The ruby essence of the ordinary beet could easily be called a superfood. Beetroot juice has been traditionally used to treat circulatory, bladder and menstrual problems. Barts and the London School of Medicine and the Peninsula Medical School in the United Kingdom suggested that beetroot juice could also significantly reduce blood pressure. As beets contain calcium, iron, and vitamins A and B-6, they add nutrients to any diet. However, a beet's powerful properties can easily be overdosed, so use in moderation.
early red beets and young beet leaves image by Maria Brzostowska from Fotolia.com
Scrub beet thoroughly. Trim ends, and peel the outer skin.
Beet image by lefebvre_jonathan from Fotolia.com
Cut beet into pieces small enough to be handled by the juicer or blender.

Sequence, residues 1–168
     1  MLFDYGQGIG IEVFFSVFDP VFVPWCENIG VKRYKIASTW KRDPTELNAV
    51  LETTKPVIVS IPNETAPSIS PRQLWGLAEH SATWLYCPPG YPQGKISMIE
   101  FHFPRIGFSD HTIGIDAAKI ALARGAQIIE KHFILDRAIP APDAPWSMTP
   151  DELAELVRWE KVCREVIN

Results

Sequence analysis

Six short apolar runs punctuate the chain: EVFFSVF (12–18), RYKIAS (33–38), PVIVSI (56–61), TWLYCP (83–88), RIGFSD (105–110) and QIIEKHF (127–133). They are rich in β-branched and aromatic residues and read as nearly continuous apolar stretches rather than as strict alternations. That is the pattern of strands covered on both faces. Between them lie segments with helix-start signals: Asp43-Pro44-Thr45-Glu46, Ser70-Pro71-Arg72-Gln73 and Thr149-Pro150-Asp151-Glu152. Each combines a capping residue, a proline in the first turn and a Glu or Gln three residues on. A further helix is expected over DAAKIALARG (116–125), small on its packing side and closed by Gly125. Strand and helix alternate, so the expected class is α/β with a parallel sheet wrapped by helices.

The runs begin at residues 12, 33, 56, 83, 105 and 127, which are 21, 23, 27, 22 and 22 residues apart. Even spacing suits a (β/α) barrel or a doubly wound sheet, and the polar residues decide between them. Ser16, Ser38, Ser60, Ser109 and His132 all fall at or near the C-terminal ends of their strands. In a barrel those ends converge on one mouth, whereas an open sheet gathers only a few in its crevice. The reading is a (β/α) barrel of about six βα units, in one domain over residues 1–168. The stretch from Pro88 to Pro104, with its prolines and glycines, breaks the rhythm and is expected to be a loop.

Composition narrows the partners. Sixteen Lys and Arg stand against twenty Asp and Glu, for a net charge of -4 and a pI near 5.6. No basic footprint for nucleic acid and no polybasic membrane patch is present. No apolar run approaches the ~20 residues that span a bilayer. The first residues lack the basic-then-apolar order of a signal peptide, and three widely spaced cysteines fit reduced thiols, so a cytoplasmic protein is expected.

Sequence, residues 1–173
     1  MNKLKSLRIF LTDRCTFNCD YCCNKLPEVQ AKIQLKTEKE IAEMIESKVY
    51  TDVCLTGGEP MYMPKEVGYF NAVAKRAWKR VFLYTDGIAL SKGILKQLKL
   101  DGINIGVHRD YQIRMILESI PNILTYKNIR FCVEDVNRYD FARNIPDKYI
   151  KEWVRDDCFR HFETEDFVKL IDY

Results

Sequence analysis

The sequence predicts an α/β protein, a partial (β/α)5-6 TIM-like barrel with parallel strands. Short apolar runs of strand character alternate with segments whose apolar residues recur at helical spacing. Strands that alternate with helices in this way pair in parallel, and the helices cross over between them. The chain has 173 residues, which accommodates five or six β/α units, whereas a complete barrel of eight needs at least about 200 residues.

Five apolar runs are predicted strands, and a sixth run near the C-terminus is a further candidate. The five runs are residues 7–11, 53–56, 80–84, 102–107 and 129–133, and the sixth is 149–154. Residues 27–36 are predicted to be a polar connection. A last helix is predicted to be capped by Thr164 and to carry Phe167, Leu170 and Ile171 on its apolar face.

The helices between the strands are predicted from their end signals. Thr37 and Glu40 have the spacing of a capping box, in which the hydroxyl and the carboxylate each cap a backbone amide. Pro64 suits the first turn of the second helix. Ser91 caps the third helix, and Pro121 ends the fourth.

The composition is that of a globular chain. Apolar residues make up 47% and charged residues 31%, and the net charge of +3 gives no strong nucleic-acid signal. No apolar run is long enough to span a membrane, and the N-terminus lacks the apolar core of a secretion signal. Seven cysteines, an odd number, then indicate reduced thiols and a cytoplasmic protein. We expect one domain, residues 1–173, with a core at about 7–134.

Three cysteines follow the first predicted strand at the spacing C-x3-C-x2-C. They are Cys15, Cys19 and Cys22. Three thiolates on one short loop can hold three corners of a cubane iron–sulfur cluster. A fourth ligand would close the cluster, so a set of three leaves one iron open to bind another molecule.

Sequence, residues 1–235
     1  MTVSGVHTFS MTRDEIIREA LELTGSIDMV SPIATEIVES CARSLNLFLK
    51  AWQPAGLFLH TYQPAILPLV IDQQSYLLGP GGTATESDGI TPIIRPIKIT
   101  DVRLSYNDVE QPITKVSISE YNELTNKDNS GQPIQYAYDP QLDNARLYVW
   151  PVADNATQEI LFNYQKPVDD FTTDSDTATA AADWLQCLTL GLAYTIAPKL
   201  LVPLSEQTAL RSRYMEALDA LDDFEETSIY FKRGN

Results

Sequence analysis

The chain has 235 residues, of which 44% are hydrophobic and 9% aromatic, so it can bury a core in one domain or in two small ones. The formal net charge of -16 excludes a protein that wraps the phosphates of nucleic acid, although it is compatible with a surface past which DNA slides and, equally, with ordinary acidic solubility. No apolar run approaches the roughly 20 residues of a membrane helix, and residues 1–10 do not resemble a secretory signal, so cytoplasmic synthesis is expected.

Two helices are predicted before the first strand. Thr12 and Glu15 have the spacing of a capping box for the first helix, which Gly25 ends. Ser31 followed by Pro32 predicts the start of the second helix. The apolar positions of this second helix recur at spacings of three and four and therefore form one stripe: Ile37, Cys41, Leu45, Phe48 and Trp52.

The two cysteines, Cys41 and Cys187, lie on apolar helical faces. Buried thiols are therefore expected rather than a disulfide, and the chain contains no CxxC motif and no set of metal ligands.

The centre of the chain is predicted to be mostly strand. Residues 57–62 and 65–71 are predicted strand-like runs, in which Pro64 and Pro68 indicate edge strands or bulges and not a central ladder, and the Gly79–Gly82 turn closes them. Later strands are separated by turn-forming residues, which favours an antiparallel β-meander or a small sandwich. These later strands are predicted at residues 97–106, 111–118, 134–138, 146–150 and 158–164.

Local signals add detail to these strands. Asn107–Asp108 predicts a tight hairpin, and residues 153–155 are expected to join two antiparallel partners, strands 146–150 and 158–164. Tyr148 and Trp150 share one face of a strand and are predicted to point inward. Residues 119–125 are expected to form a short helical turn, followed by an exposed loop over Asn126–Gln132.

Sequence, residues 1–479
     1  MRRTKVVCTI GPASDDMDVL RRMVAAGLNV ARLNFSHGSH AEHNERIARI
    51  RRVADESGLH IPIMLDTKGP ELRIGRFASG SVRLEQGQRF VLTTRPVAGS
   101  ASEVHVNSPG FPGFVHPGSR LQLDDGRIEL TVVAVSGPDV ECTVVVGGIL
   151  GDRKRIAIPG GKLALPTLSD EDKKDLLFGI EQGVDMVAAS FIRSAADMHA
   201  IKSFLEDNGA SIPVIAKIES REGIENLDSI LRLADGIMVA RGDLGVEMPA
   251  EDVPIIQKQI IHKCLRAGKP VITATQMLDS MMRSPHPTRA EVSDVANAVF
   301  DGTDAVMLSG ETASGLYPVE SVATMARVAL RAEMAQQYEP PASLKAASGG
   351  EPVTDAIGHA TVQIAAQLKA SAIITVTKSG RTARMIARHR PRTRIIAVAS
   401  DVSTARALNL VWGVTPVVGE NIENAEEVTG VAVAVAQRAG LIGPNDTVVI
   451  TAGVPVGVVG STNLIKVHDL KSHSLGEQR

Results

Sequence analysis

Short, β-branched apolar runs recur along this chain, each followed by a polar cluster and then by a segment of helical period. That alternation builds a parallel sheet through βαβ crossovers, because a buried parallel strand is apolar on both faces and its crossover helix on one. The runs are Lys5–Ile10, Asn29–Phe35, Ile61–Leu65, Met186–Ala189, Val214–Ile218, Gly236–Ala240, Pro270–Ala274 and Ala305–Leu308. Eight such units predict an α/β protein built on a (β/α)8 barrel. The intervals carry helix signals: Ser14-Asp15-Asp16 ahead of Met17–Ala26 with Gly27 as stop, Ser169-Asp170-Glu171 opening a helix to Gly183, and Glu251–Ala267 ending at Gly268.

blender image by Nikolay Okhitin from Fotolia.com
Place beet cubes in the juicer, and operate according to the manufacturer's instructions. Alternately, place cubes in blender on high until ground to a fine pulp.
Strain the beetroot pulp through a cheesecloth-lined mesh strainer and squeeze out all of the juice if you use a blender to juice the vegetable.
Add apple juice to the beet juice and enjoy.
- Moisten the cheesecloth with warm water before straining the beetroot pulp.
- Beet leaves are high in nutritional content and can be juiced with the root.
- Drinking pure beet juice can cause hives, rapid heart rate and other unpleasant side effects. Never drink it without an additional element, such as apple juice.
- Drinking too much beet juice can cause your urine and/or stool to turn red.